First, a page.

From The Corners Of Your Mind #1
Pigeon-holing music. Annoying though it can be, everyone does it and in the reviewing game, often a necessary evil. How else are readers going to know whether the no-name rock kids you are reviewing are the next Metallica or, heaven forbid, Menswear? There are albums, however, that studiously avoid the path of least resistance and flummox iTunes classification the world over. This, therefore, is the first in an occasional series that will introduce a few of these more off-kilter releases that may otherwise pass you by.
So, without further ado let’s dive straight in with stranded space rockers Man Or Astroman? Blazing a trail for nigh on twenty years Your Weight On the Moon collects together their first mini-album and two EPs into a riotous fusion of fuzzed out surf-rock and b-movie snippets that is fit for visiting aliens, royalty and anyone with a penchant for fun.
The surf-rock/b-movie motif continues with Halloween Album from Southern California’s Thee Cormans, a group of garage rock aficionados whose name give a clear idea of their influences. Although obviously designed to cash in on the spooky festivities this really is an album whose schlocky delights can be enjoyed the year round.
One for the jukebox of any self respecting dive bar is The Spits V. A short and spunky collection of no-nonsense garage-punk with song titles like ‘Fed Up’ and ‘My Life Sucks’ that may imply emo-like naval gazing but actually comes at you like a down at heel Ramones fronted by Lurch from The Addams Family - and is all the better for it.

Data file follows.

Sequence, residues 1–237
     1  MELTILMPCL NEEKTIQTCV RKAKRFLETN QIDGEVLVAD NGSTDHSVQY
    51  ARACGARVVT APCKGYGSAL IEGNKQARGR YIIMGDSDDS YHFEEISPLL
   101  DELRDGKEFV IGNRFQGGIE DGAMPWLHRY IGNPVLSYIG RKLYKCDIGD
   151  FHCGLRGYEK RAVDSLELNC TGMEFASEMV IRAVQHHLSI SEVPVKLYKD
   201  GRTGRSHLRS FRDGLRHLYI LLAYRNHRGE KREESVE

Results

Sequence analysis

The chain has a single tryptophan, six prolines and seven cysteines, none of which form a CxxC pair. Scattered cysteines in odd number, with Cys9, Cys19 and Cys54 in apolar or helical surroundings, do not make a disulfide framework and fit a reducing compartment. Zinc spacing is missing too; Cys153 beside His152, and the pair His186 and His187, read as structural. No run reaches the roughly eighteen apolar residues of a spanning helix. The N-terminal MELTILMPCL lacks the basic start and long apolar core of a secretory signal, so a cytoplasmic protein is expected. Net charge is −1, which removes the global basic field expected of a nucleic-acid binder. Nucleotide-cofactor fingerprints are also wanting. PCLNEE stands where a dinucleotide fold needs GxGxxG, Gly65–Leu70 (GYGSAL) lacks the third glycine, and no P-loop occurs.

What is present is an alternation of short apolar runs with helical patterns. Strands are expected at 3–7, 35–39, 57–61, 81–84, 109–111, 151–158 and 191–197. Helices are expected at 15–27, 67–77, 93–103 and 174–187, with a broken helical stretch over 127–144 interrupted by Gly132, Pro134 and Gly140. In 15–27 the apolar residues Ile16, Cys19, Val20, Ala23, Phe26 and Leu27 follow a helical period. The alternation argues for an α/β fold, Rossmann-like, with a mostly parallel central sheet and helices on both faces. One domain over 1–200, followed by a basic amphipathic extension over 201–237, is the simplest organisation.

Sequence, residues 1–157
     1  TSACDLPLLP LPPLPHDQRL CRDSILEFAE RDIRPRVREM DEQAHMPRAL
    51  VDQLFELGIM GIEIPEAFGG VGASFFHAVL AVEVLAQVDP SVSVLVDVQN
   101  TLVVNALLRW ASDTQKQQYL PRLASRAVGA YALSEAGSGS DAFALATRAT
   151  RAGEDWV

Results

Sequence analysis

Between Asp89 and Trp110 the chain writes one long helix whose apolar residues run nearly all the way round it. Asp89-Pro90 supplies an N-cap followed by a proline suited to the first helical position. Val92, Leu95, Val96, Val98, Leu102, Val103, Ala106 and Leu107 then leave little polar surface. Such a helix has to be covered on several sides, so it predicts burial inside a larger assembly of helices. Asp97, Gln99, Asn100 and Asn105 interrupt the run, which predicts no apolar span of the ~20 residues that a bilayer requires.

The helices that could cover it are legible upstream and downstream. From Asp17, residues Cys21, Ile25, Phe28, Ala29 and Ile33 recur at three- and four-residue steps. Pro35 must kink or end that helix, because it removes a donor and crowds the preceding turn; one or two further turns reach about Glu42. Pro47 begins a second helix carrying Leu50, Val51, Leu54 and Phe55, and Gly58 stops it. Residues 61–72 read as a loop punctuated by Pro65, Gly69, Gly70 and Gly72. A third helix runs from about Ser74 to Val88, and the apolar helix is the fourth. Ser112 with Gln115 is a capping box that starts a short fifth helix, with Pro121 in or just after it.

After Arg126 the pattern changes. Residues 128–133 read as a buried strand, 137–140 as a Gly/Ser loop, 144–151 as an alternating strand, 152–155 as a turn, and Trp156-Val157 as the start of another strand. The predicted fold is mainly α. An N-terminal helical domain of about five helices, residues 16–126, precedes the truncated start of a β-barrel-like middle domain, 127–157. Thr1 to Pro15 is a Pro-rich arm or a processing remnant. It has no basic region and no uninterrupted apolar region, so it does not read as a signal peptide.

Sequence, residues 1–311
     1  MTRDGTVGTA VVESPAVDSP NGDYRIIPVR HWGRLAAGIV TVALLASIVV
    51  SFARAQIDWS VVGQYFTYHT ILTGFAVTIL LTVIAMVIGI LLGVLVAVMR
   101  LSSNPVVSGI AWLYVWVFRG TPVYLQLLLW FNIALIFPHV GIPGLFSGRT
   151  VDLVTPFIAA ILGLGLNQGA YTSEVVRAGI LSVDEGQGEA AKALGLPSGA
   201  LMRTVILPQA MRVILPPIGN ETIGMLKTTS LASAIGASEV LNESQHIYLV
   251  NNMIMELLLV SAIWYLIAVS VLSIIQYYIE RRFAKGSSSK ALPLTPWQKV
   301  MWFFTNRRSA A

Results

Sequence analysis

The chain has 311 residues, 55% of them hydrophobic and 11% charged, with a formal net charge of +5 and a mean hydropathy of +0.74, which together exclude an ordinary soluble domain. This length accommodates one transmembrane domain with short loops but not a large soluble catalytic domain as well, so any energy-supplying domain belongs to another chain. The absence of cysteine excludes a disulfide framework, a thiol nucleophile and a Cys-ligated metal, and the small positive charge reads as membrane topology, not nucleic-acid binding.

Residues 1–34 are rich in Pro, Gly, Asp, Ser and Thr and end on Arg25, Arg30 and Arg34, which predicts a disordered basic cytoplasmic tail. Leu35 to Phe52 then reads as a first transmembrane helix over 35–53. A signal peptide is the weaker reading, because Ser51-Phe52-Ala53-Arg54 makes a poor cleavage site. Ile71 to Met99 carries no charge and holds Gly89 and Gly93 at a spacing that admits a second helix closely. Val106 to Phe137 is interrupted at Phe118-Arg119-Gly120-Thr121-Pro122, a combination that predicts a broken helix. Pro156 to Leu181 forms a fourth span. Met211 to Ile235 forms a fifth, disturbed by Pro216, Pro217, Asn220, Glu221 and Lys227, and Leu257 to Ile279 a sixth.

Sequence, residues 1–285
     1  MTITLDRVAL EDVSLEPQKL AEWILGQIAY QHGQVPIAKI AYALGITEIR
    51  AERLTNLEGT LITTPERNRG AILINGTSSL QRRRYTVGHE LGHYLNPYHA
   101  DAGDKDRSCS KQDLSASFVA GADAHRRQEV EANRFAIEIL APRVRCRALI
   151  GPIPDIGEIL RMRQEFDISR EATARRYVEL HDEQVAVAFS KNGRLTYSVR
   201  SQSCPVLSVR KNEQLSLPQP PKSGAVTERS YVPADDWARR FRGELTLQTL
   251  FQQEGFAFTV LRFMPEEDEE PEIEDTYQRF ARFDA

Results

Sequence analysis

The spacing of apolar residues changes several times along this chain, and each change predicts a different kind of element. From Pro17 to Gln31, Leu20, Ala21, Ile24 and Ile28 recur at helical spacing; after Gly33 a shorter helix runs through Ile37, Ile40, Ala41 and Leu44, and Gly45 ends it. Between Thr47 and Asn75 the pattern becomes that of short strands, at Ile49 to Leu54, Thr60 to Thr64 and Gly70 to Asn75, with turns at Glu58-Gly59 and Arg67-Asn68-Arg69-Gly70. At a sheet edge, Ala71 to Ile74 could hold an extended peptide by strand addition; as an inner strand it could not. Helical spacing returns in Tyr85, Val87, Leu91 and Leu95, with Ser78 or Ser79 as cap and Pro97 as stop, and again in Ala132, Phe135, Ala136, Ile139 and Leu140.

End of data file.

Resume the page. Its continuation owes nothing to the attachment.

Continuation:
While the previous albums have used snippets of film to good effect it seems only fitting to move on to music from, and inspired by, a film: The Solitude of Prime Numbers from erstwhile Faith No More frontman Mike Patton. It is an esoteric (and not exactly riveting) collection of tunes with plinky, plonky orchestration, weird swirling noises and occasional disembodied voice that may work perfectly as an accompaniment to the film of the same name but here is only mildly diverting. Likely to be a severe disappointment to anyone buying it on the basis of the composer’s name.
Much more engaging is The House of Bones, a faux film-noir soundtrack from producer and remixer extraordinaire Matthew Ker aka Majiker. It tells its spooky tale with a swirling, dream-like quality that would work just as well as the accompaniment for a weird old horror movie or a chilled out evening on the sofa. Sadly the lack of a famous name is likely to see this getting far less attention than the lacklustre Patton offering - and that is a real shame.
On first listen Staring At The X, the second album from New Yorkers Forest Fire appears to be a unkempt collection of Americana, shoegaze, psychedelia (along with the occasional discordant horn), and does little to ingratiate itself. Repeated spins however find you drawn in to their weird yet oddly hypnotic world and if you aren’t swooning at the mellow slide guitar of the title track then you truly have no soul.
Finishing things off in a rather downbeat tone is the eponymous debut from Canadian troupe Orienteers who owe an obvious debt to Sparklehorse. Their superb whispered, fractured Americana (or should that be Canadiana?) is a beguiling listen that could almost make you forget that we will hear no more from the late, great Mark Linkous. Almost.